PALMER: Could Hamilton have won the Dutch Grand Prix with a different Safety Car strategy?
Mercedes were closer than ever to a first victory of 2022 at Zandvoort before Max Verstappen ultimately triumphed for Red Bull. But could a different strategy in response to the late Safety Car have got the Silver Arrows the win? Ex-F1 racer and F1.com analyst Jolyon Palmer investigates...
Zandvoort was always likely to offer Mercedes a better chance, after missing out on the podium in Spa.
The higher downforce circuits generally have been kinder to them this season and Zandvoort isn’t so different to Budapest where George Russell landed their first pole of the year. But, like Budapest, this was another race where the team had to settle for second behind the seemingly untouchable Max Verstappen.
So often this season qualifying has been an Achilles’ Heel for the Silver Arrows, and Sergio Perez’s spin on the final run of Q3 meant they had no chance to better their fourth and sixth positions from the first runs in Zandvoort.
Toto Wolff afterwards declared Hamilton to be “playing for pole” until he backed off, and looking at the data, that statement is not untrue – Hamilton was a fraction up on Verstappen’s pole time at the point he backed off.
But it’s also true that he was likely to end up losing out because he was comparatively weak on the run to the line, where the Mercedes typically lost a chunk of time due to Red Bull’s impressive top-end speed. With the Ferraris shadowing Verstappen so closely on Saturday it’s most likely that Hamilton would have ended up a close fourth even without Perez’s yellow flags, unless he managed something extra special in the final corner.
The best news for Mercedes came on the grid though as they exploited 2022’s rule change to start on a different tyre than their competition.
All too often this year teams have converged onto the same starting tyre, even though they have a free choice for the first time in a decade. That’s because of a largely inherent conservative approach amongst the strategists, particularly from the teams at the sharp end of the grid where there is plenty to lose.
When Mercedes saw their rivals don the softs, it opened up their strategic possibilities. They could try a one-stop whilst the others would surely have to do two. Track position has been a rare commodity for their often race-quick car and cutting out a pit stop gave them a chance to defend from the front rather than have to attack from further back.
Without the Safety Cars – Virtual and actual – I’m sure it would have been a close finish between Hamilton and Verstappen, but Verstappen had already shown how easy it was for him to pass when he scythed past Russell in the middle part of the race. The race-ability of the Red Bull with their high top-speed would likely have resulted in a Max win anyway, although it’s a shame we were denied that battle.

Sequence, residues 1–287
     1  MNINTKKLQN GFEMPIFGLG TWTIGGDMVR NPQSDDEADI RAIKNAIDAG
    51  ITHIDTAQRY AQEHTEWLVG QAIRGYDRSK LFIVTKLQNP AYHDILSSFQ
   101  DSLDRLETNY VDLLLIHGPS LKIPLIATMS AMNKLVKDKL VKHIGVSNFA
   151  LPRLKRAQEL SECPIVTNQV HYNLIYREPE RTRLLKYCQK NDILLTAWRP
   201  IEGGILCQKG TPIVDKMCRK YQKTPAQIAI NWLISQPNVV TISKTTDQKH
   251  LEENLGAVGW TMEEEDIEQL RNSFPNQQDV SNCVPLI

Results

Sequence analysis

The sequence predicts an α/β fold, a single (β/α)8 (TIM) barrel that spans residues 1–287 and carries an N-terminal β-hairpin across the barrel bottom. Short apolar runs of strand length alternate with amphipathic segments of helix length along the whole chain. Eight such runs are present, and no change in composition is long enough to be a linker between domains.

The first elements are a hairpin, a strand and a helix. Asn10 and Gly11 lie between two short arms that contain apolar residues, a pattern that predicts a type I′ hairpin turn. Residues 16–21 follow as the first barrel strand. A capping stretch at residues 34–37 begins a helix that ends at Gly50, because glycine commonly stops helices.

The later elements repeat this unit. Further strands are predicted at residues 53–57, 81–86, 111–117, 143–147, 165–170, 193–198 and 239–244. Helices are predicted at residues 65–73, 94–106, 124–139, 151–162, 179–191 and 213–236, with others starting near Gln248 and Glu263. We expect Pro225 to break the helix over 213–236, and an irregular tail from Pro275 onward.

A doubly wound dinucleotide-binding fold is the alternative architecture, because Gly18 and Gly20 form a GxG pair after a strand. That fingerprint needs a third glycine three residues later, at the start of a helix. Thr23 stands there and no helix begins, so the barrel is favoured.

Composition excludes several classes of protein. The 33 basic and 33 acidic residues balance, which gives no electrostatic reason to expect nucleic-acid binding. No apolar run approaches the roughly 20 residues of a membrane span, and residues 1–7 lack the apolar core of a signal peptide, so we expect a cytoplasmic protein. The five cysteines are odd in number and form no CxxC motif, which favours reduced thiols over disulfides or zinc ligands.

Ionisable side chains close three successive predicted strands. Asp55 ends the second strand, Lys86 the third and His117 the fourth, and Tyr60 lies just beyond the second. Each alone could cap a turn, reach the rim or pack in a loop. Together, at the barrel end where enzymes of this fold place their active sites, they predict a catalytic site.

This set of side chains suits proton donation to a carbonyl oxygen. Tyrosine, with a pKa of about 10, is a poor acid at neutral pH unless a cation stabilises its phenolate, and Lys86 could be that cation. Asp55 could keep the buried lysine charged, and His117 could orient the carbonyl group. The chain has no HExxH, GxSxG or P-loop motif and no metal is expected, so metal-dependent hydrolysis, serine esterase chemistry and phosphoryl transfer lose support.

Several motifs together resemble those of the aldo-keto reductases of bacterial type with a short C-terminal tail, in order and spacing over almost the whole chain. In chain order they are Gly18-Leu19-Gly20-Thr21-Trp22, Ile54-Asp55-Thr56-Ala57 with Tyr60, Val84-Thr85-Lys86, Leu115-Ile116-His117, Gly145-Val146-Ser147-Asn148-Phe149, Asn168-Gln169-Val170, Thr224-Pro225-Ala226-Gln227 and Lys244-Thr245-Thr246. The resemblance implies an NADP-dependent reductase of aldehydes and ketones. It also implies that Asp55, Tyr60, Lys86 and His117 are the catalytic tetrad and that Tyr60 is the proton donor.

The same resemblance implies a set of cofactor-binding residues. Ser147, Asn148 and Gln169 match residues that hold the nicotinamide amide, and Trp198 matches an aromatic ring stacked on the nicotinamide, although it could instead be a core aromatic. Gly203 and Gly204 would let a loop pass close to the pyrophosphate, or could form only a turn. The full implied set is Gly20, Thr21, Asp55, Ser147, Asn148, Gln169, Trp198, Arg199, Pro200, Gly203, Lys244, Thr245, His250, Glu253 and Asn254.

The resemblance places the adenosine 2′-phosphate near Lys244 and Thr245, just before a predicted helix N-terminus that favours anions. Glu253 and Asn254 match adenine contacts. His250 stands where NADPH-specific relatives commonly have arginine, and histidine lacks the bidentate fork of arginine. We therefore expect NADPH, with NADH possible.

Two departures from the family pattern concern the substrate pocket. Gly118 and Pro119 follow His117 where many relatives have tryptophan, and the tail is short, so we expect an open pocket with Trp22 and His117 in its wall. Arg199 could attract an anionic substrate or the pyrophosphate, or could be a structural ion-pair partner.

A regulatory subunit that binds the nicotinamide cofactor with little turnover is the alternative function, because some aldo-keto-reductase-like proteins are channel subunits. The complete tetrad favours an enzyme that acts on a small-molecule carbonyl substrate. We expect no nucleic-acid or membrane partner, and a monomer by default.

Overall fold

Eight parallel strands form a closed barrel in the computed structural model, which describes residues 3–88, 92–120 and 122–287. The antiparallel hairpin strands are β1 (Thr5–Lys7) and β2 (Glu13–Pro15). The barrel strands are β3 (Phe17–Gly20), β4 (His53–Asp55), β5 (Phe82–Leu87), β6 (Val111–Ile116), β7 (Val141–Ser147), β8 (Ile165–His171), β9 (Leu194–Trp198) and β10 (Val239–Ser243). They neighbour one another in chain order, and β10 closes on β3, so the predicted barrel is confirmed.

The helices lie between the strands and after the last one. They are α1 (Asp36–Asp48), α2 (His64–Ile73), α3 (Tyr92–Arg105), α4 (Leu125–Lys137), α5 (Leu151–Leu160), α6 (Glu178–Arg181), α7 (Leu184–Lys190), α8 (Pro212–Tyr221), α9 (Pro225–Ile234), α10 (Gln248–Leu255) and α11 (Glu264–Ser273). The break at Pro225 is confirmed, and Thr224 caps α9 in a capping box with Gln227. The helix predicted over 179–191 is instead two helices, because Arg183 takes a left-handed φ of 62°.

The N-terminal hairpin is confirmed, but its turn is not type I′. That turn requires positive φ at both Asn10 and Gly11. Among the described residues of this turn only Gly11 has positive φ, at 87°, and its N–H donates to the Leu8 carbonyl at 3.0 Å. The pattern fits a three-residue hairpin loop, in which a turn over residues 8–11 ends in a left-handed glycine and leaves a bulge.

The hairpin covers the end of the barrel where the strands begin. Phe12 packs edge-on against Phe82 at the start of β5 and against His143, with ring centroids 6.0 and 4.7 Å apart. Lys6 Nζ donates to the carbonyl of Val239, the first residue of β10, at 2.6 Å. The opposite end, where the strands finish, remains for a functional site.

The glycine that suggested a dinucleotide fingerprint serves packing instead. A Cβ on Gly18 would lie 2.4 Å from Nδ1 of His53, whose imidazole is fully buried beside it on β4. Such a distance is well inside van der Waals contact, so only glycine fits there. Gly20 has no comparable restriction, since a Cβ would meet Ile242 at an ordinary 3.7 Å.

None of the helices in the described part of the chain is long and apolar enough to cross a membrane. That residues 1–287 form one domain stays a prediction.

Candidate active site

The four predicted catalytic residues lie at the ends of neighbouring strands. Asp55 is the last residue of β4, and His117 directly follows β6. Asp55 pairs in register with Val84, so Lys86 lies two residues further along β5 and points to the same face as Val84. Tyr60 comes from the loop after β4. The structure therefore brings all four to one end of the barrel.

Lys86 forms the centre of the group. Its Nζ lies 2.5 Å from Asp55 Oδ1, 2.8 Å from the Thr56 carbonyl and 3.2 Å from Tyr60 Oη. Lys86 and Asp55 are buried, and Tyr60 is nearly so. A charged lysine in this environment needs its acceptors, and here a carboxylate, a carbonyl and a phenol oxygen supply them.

The final call for Mercedes must have been an agonising one to make and the pressure was on more than ever, given their one-two position with just a dozen laps to go.
I can understand why they were hesitant to pit Hamilton from the lead. Compared to Spa, track position is more important at Zandvoort, and with Russell between Hamilton and Verstappen on his softs, the seven-time champion had an important buffer for the restart.
The complication came when Russell called his pit stop.
Under the Safety Car, drivers are frantically trying to assess what is their best option, through constant dialogue with the team, before they are locked in to their fate. And whist the team has the deciding say in pitting, a driver can use their influence to sway the team’s opinion.
Russell did just that, as he argued he was going to be a sitting duck on his cooling medium tyres, and he’d be better off pitting. Mercedes agreed, and the first Hamilton knew of it was looking in his mirrors as the cars trundled through the pit lane and seeing his team mate dive out of Verstappen’s way. Initially, Hamilton was fine with the strategy choice, but now it was a straight fight with Verstappen on softs, he was understandably frustrated.
It was a case of Abu Dhabi again, or even a repeat Silverstone this year where Leclerc was swamped on the restart and fell back. Hamilton could do nothing to deny Verstappen the lead and the Dutchman went on to delight the 100,000-strong home crowd, with Russell’s strategy call earning him second spot.
In hindsight it was a brilliant call from Russell and one Hamilton could have made as well, especially given the difference in seniority and experience between the two.
However, in reality, the circumstances were different. Russell had nothing to lose by pitting. He was going to finish second at best, but most likely third with Verstappen coming through, so pitting guaranteed him a safer finish, and a chance to beat his team mate. For Hamilton, the choice to pit was much tougher as unlike Russell he had the chance to win.
Once Mercedes pitted one car, they should have pitted both. Actually, this was their only hope of winning as well. In a normal world the two cars would have emerged behind Verstappen to finish second and third and maximise their points, however there’s a slight chance Hamilton could have emerged ahead of Verstappen at the end, had George sufficiently backed up Verstappen for a double-stack under Safety Car.
You’ve got to be careful not to drive ‘unnecessarily slowly’ and draw the wrath of the stewards in these cases but given they had a car in between them as well, it’s possible Hamilton could have emerged ahead of Verstappen with both on new softs at the end. Was this their opportunity?
From fourth and sixth on the grid they still scored good points and Russell scored a brilliant career best result. But for the team, and for Hamilton, there are just seven races remaining though to notch that elusive 2022 win.
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